Why women frighten me

Have you ever had an argument with a woman where there were passive-aggressive (or aggressive-aggressive) remarks being passed back and forth. In this situation you are the underdog. Either you are being berated or you are being made to feel you have done something wrong.

The negative remarks are escalating in intensity. You can feel the woman pawing at the boundaries of what you will put up with, how far she can push you before you push back. And then she says it. She goes too far. She knows you well enough to know exactly which button to push. And when you look up at her you see something.

It’s a happy, hateful glint in her eyes, like she is enjoying putting you down, like she has one-upped you. A look that says “I am bigger than you and I got to you, and that makes me happy.”

That look is why I am terrified of women. I have never seen anything that even approaches such pleasure-taking in cruelty in a man. For all the terrible/bizarre things I’ve put up with in romantic relationships, no man has ever looked at me that way.

I have, however, seen that look from three women. Countless times from my mother. But also, memorably, on my twenty-first birthday from a girl I thought was a dear friend in college. I also saw it from the girl who bullied me in middle school as she told me she and my other three friends no longer wanted to hang out with me. It scares the shit out of me.

The terrifying thing about the glint is that it’s not derived from anger or sadness. It looks like success, like pleasure. It’s a happy internal moment for the woman, derived from your downfall.

In my mother, the glint disappears if you get close to mentioning the kind of hatred that brings it on. If you force her into your mindset (she has to be forced), the light is quickly extinguished. She says, “I would have rather had a nice, dumb daughter than a smart bitch.” I see the glint. I say, “Wow, that is incredibly hurtful.” The glint is extinguished. But she would keep going if I didn’t stop her. Sometimes I let it go past the glint-inducing comment, just to see how deep the rabbit hole goes, but I usually don’t last much longer.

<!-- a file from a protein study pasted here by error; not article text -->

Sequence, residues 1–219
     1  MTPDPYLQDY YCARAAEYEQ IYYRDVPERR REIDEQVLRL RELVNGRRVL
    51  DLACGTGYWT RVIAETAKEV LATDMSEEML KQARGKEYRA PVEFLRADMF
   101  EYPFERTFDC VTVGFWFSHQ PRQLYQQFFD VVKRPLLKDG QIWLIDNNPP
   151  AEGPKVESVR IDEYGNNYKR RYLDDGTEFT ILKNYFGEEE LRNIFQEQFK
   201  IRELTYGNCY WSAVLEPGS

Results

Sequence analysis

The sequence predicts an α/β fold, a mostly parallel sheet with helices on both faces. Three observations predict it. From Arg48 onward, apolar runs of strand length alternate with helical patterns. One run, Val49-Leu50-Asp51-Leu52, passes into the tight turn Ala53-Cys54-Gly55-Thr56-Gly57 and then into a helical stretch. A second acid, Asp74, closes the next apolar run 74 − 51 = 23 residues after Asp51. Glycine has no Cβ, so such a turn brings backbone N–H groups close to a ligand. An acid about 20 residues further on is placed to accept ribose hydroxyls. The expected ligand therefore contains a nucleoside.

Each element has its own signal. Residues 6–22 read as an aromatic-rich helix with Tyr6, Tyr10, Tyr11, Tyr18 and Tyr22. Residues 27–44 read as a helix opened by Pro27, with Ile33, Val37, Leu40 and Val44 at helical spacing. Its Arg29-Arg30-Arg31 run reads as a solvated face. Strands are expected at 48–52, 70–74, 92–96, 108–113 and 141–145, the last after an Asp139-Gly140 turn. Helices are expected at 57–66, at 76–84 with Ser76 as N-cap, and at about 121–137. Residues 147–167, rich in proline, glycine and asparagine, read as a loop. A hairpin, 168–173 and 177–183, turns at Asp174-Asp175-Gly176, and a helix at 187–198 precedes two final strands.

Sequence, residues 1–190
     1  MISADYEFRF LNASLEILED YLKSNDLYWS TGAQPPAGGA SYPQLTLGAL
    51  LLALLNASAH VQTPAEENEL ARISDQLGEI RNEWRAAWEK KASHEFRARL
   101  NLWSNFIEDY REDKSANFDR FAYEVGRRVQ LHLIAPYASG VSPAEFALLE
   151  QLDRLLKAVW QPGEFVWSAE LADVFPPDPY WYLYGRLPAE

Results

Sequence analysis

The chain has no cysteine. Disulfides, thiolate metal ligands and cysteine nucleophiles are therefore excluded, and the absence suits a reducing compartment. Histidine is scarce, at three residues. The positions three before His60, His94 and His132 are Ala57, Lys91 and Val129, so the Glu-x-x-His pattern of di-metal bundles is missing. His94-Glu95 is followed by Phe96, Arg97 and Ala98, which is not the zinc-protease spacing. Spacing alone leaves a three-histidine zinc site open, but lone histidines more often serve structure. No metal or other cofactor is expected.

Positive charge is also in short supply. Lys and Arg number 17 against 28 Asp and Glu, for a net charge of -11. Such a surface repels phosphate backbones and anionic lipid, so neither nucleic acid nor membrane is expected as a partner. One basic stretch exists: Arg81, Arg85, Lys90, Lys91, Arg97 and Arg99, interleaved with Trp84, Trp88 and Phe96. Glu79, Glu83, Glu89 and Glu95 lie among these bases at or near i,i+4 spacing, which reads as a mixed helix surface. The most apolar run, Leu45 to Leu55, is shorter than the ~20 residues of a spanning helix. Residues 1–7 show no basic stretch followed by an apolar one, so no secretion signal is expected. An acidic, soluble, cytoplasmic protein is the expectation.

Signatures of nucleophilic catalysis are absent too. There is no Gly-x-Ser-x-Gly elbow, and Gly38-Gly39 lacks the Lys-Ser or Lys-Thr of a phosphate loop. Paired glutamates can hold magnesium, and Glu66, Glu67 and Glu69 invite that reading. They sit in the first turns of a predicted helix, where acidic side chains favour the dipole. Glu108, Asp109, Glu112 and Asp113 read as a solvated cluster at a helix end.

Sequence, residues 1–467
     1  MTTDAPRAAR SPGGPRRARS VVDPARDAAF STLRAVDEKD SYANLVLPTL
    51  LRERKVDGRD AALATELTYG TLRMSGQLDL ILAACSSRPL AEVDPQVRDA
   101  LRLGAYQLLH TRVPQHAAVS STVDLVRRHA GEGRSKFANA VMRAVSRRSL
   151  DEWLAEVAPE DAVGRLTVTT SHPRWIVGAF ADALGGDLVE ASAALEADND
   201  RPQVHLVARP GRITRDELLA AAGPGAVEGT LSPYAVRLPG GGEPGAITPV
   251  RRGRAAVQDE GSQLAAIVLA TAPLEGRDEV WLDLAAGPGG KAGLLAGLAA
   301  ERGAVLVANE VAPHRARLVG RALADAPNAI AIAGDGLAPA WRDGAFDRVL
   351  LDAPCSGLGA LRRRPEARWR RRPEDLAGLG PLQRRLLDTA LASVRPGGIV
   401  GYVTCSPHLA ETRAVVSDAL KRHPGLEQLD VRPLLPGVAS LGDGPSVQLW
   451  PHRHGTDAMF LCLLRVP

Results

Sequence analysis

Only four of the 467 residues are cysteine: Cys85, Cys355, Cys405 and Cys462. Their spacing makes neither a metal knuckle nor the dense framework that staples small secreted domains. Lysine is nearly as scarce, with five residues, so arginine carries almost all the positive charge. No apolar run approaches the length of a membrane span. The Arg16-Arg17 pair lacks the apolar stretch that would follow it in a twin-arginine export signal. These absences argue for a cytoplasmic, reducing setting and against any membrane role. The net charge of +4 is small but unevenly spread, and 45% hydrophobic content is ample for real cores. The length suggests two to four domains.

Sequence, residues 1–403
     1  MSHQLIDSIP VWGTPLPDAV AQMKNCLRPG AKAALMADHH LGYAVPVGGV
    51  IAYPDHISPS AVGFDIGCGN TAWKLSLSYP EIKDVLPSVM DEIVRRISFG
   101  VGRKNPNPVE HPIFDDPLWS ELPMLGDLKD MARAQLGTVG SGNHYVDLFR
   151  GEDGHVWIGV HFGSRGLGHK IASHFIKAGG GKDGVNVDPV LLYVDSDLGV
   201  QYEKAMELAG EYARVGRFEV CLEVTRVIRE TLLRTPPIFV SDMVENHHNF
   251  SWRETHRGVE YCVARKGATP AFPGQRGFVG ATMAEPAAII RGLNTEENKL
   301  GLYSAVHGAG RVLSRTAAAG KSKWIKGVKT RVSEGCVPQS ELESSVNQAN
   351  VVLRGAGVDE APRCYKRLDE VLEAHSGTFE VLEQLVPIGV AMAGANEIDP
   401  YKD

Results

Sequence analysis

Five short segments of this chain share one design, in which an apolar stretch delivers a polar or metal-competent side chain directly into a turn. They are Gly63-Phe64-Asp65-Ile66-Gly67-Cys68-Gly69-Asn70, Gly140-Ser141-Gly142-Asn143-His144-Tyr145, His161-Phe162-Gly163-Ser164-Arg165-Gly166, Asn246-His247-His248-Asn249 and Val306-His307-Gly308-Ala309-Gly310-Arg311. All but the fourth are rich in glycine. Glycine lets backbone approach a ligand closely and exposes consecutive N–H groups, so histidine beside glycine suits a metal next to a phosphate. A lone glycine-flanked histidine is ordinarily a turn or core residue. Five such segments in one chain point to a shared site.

My point is that I think the glint is an opening to a world men are rarely privy to. Women simply do not aggress toward men the way they do toward other women. And in many groups there is a silent undercurrent running among women that men are blissfully unaware of. I wonder if men even see things like the glint, or if they slip below their notice. I hope men are perceptive enough to run hard and fast in the other direction if they accidentally stumble upon this kind of woman, but I often worry that they’re not. This kind of woman is very skilled at concealing what she is, at least for a while.

At certain moments in my life, I have felt that women have a special hatred for me. I don’t know if they target me because I give off the impression of frailty because I am thin and I have a quiet speaking voice or because I’m an asshole. Or if I target them because I attract abusers because of my relationship with my mother (before I entered therapy, abusers made me feel so comfortable and complete, an experience shared by many people who have been abused).

I have been blessed with some truly loving, fulfilling, gentle relationships with women. These relationships have been tested and they endure. And my radar is now attuned to seek out and eliminate from my life women who can produce “the glint.” If you recognize this characteristic in yourself, please seek help and stay far away from me.

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How to have more fun than everyone else at Mardi Gras

I think at this point everyone who knows me well has heard that I traveled to New Orleans last week. It was my first Mardi Gras, and I had the time of my life. If you missed it, that’s ok. There’s always next year.